Wales headed into the 2020 Six Nations as defending Grand Slam champions and having come agonisingly close to a place in a maiden World Cup final just a few months earlier in Japan. Like Ireland they were under new management, with Wayne Pivac replacing Warren Gatland after 13 golden years at the helm. And on paper, Pivac's first year in charge was a bit of a disaster. Wales played 10 Test matches in 2020 and could only manage three wins - two against Italy and one against Georgia. As difficult as the Gatland succession was likely to be, this was an alarming drop-off from the glory of 2019 - however, there were a few caveats.
Pivac had a number of frontline injuries to deal with in 2020, while you could argue the lack of supporters at games has hindered Wales more than anybody else. Their home fixtures post-restart were held at an empty Parc Y Scarlets - a far less intimidating proposition for visiting sides than a packed crowd under the Millennium Stadium roof. Wales will be back in Cardiff for this year’s Championship, and while games will be still played behind closed doors it is hard not to see them vastly improving.
Hooker Ken Owens is back in the saddle after returning from a long-term injury. So too is Josh Navidi, and he could form a powerful backrow with Justin Tipuric and Taulupe Faletau. Pivac has some key selection calls to make, with a resurgent George North vying with Josh Adams and Louis Rees-Zammit for a place on the wing, although Liam Williams misses their opening fixure against Ireland. Dan Biggar remains the automatic choice at outhalf with Gareth Anscombe still on the comeback trail, with Rhys Webb an eye-catching omission.
Wales look set for a much better showing in this year’s Championship, and can set the tone for the rest of the year when they play Ireland on the opening weekend. For both sides, that fixture could define their campaigns.
How was your 2020?
Wales’s results on the pitch were reflective of the chaos off it. Teams beaten - Italy (twice), Georgia. Defeats - Ireland (twice), France (twice), England (twice), Scotland.
Wayne Pivac’s Wales honeymoon didn’t last long - victories over the Barbarians and Italy in his first two Test matches were followed by a run of six-consecutive defeats. It was always going to take time for Pivac to implement his brand of attacking rugby after 13 years of Warren Gatland, and this will have been harder to achieve given the stop-start nature of 2020. So while last year’s results were disappointing they should be taken with a pinch of salt - particularly those post-restart.
A former policeman, Pivac has been resolute in the face of criticism but it is hard to envisage him surviving a similar campaign this year - a slow start in the Six Nations could quickly see the Welsh rugby public turn against him. But for now, he will know a statement victory could be the catalyst needed to turn Wales back into Championship contenders - and where better to start than against Ireland?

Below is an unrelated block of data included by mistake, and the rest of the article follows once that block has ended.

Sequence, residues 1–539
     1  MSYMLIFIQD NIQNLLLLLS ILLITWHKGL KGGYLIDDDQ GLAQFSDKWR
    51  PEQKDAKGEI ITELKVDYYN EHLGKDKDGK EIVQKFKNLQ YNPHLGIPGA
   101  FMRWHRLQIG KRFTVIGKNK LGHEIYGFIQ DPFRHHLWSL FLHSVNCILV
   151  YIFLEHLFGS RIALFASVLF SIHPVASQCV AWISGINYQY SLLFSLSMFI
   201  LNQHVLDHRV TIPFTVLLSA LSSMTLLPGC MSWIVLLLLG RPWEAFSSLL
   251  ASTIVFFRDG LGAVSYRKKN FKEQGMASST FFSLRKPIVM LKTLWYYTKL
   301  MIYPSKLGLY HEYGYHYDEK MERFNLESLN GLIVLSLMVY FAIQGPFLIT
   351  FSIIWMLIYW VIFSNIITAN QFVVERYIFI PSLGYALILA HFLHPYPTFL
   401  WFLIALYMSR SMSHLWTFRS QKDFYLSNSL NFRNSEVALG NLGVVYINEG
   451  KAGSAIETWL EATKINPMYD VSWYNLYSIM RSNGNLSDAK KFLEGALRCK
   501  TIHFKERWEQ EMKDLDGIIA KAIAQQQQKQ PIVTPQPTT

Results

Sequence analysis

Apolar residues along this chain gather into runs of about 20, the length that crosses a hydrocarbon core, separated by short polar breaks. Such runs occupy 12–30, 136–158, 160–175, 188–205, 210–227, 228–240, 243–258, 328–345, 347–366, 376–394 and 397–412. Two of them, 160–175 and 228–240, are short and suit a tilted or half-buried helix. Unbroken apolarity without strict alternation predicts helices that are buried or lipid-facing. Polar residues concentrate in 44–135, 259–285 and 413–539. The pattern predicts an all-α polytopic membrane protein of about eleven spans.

Here we go again. Alun Wyn Jones is heading into a staggering 16th Six Nations Championship, while remaining one of the most influential forwards in world rugby. Last year was a disappointing one on the pitch for Wales but it saw Jones pass a significant milestone, as he overtook Richie McCaw to become the most capped player in Test history - he now has 152 in total. But personal accolades will mean nothing to the 35-year-old if Wales aren’t winning Test matches. The mighty lock remains the beating heart of the Welsh pack, driving the highest of standards and leading by example.
He will be pleased to see the return of Ken Owens at hooker, which should significantly improve the Welsh set-piece, although there are question marks over who will get to join him in the engine room. Maro Itoje and James Ryan are at the opposite end of their careers, but both will have a job on their hands to dislodge Jones from the Lions secondrow should this summer’s Lions tour to South Africa go ahead. The Welsh captain won’t have many Six Nations left, and he’ll be determined not to see another campaign go to waste.
The one to watch
While a lot of Pivac's selections are fairly straightforward, he has a dilemma coming up when it comes to the Welsh back three. Liam Williams' suspension clears the way for a resurgent Leigh Halfpenny to take the number 15 jersey for now - a decision which won't be as clear cut when both are available. On the wings Josh Adams is very tough to drop despite a run of seven Test matches without a try, while George North's fine recent performances for the Ospreys make him hard to ignore.
However, 19-year-old Louis Rees-Zammit (he turns 20 on February 2nd) could prove to be the ace in the Welsh backline. The Gloucester flyer can run 100m in a shade over 10 seconds and looks ready to transfer his try-scoring exploits from the Premiership to the Test arena. Already being talked about as a potential Lions bolter, he looks sure to add to his four Wales caps over the coming weeks.
Sunday February 7th - Wales v Ireland, Cardiff (3pm)
Saturday February 13th - Scotland v Wales, Edinburgh (4.45pm)
Saturday February 27th - Wales v England, Cardiff (4.45pm)
Saturday March 13th - Italy v Wales, Rome (2.15pm)
Saturday March 20th - France v Wales, Paris (8pm)
Grand Slam - 50-1
Championship - 12-1
A fast start is key for Wales, as they bid to kick the hangover from last year. To go from fifth in the Championship to winning the title would be a big ask, but if they can start with wins over Ireland and Scotland then they will have the wind in their sails. It’s a big ask but if momentum could carry them past England in Cardiff on the tournament’s middle weekend, then they could be travelling to Paris with the title on the line.